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Follow Your Dream, Day #470: Victory -- Extreme Close-Up

The story of Matt Smith's journey to become the Lord of the Dance is simply amazing. As a small child, he saw the original #LordOfTheDance video on VHS and said to his mother, "I want to be that."

Note the specific language here: not "I want to *do* that," but "I want to *be* that."

As small children, we've all had moments where we saw something cool and wanted to do it ourselves. Social media to this day is full of good-natured stories and videos of people trying to be Michael Flatley

The difference with Matt? He *meant* it.

Today, Matt Smith is 28 years old. He's been practicing #IrishDance for 23 of those years. Let's assume he averaged, between classes and practice, three hours per day of drilling. (In reality it's far more than that, but we'll keep the numbers low.) That means he's spent over 25,000 hours of his life -- literally more than a tenth of his entire existence on this planet -- doing ONE thing: training to become the Lord of the Dance.

Irish dancing is an incredibly difficult art form. The level of technical precision required to win at championship-level competition dancing is unbelievably hard to attain. And *that's* just the foundation for the next step, which is learning Michael Flatley's art form atop #IrishDancing.

The simple truth is this: it's virtually impossible to become a successful professional Irish dancer without passing through the Michael Flatley gateway. It is his art form atop Irish dancing -- the arm movements, rhythm patterns, etc. -- which makes it so commercially lucrative, and the most commercially successful Irish dance shows use his choreography and art form to this day.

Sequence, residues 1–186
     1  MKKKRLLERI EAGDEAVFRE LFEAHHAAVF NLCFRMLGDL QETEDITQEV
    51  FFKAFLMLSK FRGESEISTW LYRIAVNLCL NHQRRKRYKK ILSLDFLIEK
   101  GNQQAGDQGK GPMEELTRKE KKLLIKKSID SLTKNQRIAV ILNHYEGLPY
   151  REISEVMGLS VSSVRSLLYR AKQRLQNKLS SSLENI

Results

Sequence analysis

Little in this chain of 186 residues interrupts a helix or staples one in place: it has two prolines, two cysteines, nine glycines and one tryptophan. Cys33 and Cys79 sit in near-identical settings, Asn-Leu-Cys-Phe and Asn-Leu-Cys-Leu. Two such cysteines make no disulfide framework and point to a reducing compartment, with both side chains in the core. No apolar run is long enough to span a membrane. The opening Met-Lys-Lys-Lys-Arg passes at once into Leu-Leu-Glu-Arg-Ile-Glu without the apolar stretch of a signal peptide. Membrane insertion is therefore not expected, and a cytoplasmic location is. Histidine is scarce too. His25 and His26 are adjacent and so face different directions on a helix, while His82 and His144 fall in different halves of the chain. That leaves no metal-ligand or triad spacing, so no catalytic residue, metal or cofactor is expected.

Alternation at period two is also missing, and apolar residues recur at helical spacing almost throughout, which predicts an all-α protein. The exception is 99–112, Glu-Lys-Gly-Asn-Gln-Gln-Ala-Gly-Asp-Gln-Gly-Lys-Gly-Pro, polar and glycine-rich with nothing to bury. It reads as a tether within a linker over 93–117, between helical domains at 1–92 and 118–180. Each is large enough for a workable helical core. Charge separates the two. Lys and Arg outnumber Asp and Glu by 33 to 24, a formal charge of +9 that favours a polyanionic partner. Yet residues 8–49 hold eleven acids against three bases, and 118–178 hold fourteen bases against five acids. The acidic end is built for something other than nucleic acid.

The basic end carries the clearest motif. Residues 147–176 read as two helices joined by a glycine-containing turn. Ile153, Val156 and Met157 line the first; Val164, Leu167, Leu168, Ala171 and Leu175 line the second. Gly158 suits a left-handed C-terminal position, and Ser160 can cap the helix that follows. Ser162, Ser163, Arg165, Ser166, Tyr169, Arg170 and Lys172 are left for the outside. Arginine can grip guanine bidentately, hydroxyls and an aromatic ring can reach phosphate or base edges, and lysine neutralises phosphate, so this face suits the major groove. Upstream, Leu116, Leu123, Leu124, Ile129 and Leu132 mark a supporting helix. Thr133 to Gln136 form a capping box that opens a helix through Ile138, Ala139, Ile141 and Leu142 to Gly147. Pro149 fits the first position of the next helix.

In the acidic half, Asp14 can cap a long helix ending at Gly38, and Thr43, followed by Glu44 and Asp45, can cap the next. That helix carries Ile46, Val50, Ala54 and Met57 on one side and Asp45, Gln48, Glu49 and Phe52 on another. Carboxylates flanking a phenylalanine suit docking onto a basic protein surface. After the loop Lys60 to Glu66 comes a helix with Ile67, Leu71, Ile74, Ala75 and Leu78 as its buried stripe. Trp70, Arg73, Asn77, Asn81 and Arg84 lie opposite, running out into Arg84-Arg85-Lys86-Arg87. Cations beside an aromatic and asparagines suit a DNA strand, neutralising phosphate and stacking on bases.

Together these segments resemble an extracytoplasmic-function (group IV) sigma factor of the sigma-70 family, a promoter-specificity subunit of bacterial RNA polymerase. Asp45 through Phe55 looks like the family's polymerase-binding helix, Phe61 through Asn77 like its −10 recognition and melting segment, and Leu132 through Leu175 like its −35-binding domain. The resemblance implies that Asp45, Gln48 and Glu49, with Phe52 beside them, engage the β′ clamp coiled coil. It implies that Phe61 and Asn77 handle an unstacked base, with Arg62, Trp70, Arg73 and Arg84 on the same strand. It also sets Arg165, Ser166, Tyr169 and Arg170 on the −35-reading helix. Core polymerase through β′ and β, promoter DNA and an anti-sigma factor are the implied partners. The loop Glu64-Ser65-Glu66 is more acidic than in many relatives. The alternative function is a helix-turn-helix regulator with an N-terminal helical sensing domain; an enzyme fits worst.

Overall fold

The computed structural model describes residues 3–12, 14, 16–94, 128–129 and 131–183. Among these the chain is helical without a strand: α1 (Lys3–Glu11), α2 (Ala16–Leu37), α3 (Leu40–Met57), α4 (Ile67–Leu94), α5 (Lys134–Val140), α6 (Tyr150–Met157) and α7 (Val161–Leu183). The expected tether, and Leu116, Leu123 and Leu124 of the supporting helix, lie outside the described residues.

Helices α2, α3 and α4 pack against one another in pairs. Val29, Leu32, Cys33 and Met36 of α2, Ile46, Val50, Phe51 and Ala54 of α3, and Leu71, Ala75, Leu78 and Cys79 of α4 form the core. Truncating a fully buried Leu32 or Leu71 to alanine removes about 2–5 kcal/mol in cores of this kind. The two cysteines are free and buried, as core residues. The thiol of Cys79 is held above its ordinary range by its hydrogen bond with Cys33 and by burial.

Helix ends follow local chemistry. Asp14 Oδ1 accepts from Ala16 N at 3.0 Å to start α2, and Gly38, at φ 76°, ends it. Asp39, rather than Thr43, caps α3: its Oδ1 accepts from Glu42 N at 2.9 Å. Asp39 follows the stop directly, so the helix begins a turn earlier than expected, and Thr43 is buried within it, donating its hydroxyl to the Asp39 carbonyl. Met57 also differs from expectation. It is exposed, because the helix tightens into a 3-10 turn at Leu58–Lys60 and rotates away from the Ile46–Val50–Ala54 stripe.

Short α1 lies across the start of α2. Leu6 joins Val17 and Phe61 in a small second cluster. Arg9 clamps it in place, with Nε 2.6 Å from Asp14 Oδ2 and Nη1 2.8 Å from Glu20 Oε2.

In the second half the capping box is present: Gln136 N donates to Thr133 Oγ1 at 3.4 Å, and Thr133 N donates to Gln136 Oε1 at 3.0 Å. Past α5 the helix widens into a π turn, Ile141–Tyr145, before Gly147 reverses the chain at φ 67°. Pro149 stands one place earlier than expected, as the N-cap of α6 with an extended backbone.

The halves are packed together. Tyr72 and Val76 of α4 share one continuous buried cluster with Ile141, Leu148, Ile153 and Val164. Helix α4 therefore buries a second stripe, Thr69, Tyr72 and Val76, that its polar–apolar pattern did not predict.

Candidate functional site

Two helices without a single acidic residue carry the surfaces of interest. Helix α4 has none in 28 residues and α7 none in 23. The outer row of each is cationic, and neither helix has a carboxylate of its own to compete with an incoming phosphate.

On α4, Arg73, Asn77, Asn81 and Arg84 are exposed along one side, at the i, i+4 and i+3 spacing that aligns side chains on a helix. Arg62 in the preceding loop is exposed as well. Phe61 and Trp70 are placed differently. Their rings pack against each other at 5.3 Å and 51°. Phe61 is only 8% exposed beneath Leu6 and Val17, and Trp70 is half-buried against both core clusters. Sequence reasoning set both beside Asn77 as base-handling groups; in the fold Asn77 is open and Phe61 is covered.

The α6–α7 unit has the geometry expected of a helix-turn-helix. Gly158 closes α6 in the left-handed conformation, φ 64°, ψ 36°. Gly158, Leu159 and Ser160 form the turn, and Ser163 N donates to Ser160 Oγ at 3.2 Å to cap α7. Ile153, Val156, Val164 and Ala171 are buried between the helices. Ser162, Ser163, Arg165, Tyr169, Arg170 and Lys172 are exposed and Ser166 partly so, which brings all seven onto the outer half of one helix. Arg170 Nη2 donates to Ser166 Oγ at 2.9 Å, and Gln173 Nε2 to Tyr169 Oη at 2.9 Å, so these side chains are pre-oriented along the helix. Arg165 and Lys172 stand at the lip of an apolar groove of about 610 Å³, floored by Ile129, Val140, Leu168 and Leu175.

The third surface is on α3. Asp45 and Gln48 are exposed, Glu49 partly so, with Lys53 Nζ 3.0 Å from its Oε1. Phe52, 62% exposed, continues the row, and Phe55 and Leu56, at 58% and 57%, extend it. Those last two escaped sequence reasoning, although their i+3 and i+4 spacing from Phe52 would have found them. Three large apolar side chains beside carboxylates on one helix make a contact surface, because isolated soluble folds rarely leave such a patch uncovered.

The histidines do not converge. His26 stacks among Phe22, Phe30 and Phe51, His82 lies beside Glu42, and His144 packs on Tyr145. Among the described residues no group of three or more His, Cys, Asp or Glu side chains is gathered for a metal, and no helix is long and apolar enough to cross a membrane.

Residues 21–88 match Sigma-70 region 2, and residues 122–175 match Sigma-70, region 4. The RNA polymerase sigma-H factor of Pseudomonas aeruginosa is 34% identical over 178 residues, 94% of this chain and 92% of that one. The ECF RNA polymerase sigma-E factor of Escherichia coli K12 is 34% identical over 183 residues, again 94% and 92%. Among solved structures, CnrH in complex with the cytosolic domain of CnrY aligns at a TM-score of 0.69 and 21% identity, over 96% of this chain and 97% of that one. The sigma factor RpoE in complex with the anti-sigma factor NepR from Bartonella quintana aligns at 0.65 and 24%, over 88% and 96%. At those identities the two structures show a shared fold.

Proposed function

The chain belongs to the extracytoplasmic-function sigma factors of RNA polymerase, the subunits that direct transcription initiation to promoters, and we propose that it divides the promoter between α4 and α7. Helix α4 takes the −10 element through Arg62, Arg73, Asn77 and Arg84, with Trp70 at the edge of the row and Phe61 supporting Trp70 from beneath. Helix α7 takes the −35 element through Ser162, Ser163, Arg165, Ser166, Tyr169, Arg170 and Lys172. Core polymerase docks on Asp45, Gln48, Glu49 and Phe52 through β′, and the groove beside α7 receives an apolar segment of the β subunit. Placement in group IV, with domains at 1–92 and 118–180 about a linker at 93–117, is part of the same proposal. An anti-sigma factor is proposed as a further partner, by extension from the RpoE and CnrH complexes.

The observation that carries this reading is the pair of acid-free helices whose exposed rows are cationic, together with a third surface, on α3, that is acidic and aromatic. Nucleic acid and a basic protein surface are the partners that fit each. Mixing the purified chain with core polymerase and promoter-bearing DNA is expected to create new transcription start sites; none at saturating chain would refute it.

Now we go to the next level: training to become the Lord of the Dance himself.

The Lord of the Dance is the most high-profile role in professional Irish dancing. You're literally stepping into the role that Michael Flatley himself pioneered: the role which sells out *stadiums.* When you set foot on that stage, you have to *be* the Lord of the Dance. The audience didn't pay good money to see Sort Of The Dance; they paid good money to see the LORD of the Dance. And when the show reaches Victory, the final number before the Planet Ireland encore, you've got a phalanx of the greatest Irish dancers on the planet flanking you -- literally a dream team of champion performers -- and you've got to lead them to a standing ovation from tens of thousands of people.

It takes *confidence* to do this. It takes *swagger.* It takes literally a lifetime of hard work to reach this summit: to go out there and BE the moment.

And this is what it looks like.

Planet Ireland arises: 2021.


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